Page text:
How to Dance in Ohio (dir. Alexandra Shiva, 2015). This documentary follows the lives of young adults on the autism spectrum as they prepare for a formal dance. “You see someone and you want to talk to them. What would you do?” “I just don’t know.” Fear, uncertainty, courage, risk, kindness, and joy.
Frances Ha (dir. Noah Baumbach, 2013). Frances (Greta Gerwig) is twenty-seven, a dancer and choreographer, trying to make a go of it in New York, trying to preserve a friendship, trying not to crack up. As in the more mocking Fort Tilden (dir. Sarah-Violet Bliss and Charles Rogers, 2014), there’s the danger of falling back into a previous stage of one’s life. My favorite line: “I’m so embarrassed. I’m not a real person yet.”
Ulmerama (four Edgar D. Ulmer films)
Strange Illusion (1945). Jimmy Lydon, best known for the Henry Aldrich series, in a low-budget, surprisingly thoughtful adaptation of Hamlet. A judge dies in an accident. His son thinks it was murder. And now his mother wants to marry this dashing but creepy fellow (Warren William). No ghosts, but a mighty strange dream sequence.
The Strange Woman (1946). Hedy Lamarr plays a lumber-town bad seed whose ability to destroy lives seems unbounded. The line forms to the right: Gene Lockhart, Louis Hayward, George Sanders. My only dissatisfaction with this film: it’s set in the 1820s. I would like to see these relationships play out in a film-noir setting, with cigarettes and electric lights.
Ruthless (1948). In a story told in flashbacks, Horace Vendig (Zachary Scott) grows up to master the art of the dirty deal, exploiting and destroying every relationship that comes his way. With Louis Hayward, Diana Lynn (in a dual role), and Sydney Greenstreet. Watch for Bobby Anderson (who played the young George Bailey) as young Horace and a barely recognizable Raymond Burr as his no-account father.
Detour (1945). Yes, it’s true: “Fate, or some mysterious force, can put the finger on you or me for no good reason at all.” Al Roberts’s (Tom Neal) only mistake is in seeing himself as a singular victim. The film’s other principals are victims too, of accident, assault, illness, or estrangement. Ann Savage as Vera is terrifying. Her association with Al feels like a nightmare of a marriage.
These four films are available at YouTube.
Hitchcock/Truffaut (dir. Kent Jones, 2015). Audio excerpts, always brief, from François Truffaut’s conversations with Alfred Hitchcock; excerpts, always unidentified, from Hitchcock’s films; and many directors talking at length about Hitchcock’s work, sometimes with tiny subtitles. Some of what’s said sounds like critical gibberish: “The subtext seems to be bubbling up almost to the point where it’s text.” Much of what’s said runs to the obvious or the hagiographic and makes the movie feel interminable. The most thought-provoking remark comes from Peter Bogdanovich, speaking of Psycho: “It was the first time that going to the movies was dangerous.”
The Upturned Glass (dir. Lawrence Huffington, 1947). That James Mason — he always looks like he’s up to no good. Here he plays a brain surgeon and part-time lecturer who looks like he’s up to no good. With Pamela Kellino (married to Mason in real life), who also looks like she’s up to no good. A gripping movie, especially when what appear to be flashbacks prove to be projections of future events.
A Separation (dir. Asghar Farhadi, 2011). An Iranian husband and wife separate, and they and another couple become entangled in a bitter court case. Tradition and modernity, obligations to family and obligations to self are in conflict here, with a strong element of social and economic difference, and perhaps the most intense domestic arguments I’ve seen on screen. By the director of The Salesman, which I want to see as soon as I can.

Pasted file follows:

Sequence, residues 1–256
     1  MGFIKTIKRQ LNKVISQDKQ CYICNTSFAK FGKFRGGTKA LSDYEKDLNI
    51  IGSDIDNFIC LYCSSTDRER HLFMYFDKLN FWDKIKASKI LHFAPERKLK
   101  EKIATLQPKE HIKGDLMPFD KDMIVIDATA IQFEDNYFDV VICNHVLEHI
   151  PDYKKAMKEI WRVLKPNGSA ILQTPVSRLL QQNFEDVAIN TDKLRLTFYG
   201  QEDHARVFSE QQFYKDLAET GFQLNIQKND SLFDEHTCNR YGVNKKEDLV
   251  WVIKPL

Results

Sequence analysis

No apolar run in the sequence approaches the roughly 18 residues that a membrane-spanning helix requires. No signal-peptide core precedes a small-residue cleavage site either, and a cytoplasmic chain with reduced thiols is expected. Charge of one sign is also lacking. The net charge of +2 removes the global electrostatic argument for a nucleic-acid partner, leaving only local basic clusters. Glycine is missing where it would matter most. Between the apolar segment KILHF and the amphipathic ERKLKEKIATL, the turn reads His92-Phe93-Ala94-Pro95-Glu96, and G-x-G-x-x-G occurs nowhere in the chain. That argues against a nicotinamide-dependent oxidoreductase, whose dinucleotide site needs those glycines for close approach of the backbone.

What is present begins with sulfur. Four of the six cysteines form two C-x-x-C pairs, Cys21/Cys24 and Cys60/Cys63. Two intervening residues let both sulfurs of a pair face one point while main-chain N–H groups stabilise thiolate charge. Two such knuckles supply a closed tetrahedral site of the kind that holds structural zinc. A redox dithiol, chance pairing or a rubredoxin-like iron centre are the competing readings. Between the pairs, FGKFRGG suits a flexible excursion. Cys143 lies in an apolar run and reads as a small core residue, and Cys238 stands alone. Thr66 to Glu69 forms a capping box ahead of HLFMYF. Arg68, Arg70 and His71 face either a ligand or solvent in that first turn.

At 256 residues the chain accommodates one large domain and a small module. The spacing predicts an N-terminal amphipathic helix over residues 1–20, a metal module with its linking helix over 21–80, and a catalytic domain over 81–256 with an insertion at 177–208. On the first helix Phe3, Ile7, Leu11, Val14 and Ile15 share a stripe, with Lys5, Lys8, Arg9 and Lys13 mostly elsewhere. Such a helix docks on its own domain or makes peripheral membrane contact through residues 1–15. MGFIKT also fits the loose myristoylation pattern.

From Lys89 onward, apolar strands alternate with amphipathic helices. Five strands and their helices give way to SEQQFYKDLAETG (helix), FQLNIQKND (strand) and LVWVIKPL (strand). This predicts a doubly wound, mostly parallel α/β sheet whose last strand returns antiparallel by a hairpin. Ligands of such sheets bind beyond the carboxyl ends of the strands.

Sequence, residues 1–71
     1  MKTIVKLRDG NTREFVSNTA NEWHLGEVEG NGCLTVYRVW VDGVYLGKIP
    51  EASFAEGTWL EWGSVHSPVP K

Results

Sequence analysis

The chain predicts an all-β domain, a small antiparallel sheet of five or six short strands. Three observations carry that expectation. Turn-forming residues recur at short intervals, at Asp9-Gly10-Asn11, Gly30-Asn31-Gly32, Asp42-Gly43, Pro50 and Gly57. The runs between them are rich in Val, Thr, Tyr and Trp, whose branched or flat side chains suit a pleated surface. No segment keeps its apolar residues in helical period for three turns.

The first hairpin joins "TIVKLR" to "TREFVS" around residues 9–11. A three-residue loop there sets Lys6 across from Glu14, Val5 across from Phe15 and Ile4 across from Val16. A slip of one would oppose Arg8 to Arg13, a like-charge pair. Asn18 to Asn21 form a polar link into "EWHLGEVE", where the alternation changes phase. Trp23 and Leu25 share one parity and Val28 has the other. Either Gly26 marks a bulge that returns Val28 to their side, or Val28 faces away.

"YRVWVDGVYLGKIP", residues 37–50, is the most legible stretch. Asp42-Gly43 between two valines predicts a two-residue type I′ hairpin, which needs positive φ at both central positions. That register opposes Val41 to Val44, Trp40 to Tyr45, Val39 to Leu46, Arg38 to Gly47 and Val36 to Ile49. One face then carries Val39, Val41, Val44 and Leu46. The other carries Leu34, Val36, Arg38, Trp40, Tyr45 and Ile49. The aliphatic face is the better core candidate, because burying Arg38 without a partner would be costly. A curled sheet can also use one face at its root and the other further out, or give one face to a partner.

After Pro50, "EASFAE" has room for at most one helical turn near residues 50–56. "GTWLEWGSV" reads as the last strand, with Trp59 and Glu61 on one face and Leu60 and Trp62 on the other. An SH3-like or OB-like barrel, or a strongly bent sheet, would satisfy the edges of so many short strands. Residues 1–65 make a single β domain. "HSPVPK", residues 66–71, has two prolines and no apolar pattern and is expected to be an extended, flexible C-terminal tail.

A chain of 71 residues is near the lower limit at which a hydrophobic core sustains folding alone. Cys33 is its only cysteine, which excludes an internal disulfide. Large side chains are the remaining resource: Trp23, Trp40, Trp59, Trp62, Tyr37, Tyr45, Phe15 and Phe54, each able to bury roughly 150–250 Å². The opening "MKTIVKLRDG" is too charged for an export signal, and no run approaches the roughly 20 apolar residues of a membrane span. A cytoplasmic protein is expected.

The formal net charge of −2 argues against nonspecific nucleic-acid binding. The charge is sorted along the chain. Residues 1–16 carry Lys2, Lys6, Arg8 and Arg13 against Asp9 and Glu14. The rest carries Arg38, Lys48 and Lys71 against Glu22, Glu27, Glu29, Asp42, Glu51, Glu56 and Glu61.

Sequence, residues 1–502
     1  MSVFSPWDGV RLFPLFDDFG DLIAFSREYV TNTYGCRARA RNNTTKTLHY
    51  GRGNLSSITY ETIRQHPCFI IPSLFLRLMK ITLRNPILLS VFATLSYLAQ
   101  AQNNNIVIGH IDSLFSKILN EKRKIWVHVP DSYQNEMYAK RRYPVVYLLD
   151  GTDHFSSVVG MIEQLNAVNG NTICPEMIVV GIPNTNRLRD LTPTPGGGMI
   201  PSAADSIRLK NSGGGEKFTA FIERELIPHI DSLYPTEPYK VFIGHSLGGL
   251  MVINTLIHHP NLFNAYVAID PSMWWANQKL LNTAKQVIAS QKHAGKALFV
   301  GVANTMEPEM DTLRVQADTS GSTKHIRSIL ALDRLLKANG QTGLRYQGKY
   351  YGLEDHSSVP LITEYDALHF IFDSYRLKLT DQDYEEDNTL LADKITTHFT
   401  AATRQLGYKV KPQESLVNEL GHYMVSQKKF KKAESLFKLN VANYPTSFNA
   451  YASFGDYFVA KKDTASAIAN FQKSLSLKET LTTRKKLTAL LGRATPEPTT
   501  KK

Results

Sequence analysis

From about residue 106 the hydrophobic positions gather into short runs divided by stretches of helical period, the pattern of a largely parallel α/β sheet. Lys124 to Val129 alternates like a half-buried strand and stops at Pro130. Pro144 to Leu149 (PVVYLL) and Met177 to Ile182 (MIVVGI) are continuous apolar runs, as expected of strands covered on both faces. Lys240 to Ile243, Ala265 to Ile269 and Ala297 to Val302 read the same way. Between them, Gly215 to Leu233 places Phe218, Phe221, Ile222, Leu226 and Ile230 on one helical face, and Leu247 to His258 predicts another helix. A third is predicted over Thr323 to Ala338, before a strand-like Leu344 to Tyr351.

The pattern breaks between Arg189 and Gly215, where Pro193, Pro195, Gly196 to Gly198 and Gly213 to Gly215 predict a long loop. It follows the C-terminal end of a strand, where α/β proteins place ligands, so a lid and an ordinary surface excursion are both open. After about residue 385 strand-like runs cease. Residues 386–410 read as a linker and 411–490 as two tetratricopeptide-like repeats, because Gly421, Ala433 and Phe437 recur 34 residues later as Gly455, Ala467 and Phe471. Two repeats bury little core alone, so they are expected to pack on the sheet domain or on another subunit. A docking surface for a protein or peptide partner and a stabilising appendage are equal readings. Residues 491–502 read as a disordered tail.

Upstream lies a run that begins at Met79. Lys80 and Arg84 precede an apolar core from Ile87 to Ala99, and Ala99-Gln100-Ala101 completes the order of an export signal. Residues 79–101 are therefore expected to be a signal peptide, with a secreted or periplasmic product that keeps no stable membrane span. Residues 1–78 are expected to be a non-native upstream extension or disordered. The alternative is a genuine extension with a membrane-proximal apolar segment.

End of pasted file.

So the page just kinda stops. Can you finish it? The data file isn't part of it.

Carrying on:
Something Wild (dir. Jack Garfein, 1961). A rape and its aftermath: isolation, fear, despair, and an encounter with a good Samaritan that takes a deeply disturbing turn and turns the story into a variation on “Beauty and the Beast.” If you know Carroll Baker only as a sex symbol, if you know Ralph Meeker only as Mike Hammer, see this film. Rooted in the work of The Actors Studio, with scenes that play as if they’re being worked out in the moment by real people. Music by Aaron Copland. Recently released by the Criterion Collection.
Un peu de festival du Jacques Demy
A Slightly Pregnant Man (1973). A farce with Catherine Deneuve and Marcello Mastroianni. The joke never really goes much beyond the title. Most enjoyable: the film’s final thirty-or-so minutes, in which the pregnancy gains media attention and a line of men’s paternity clothing hits the market. But to my mind this film lacks the chicness and charm of earlier Demy films.
Model Shop (1969). Architect manqué George (Gary Lockwood) and his actress girlfriend Gloria (Alexandra Hay) struggle in Los Angeles. The possibility of being drafted hangs over George as he tries to raise the cash to keep his car from being repossessed. The film becomes much more interesting when Anouk Aimée enters the story — she plays a woman working in a “model shop” in Los Angeles, photographed by anyone who can pay for a fifteen- or thirty-minute session. For anyone who has seen Lola and Bay of Angels, Model Shop is a sweetbitter extension of the Demy universe. (George, I think, is another Roland Cassard, a Lola character who goes unmentioned here.) Los Angeles plays a supporting role as a large bleak city.
All OCA film posts (Pinboard)
Fourteen films : Thirteen more : Twelve more : Another thirteen more : Another dozen : Yet another dozen : Another twelve : And another twelve : Still another twelve : Oh wait, twelve more : Twelve or thirteen more : Nine, ten, eleven — and that makes twelve : Another twelve : And twelve more : Is there no end? No, there’s another twelve
Monday, April 3, 2017
By Michael Leddy at 8:11 AM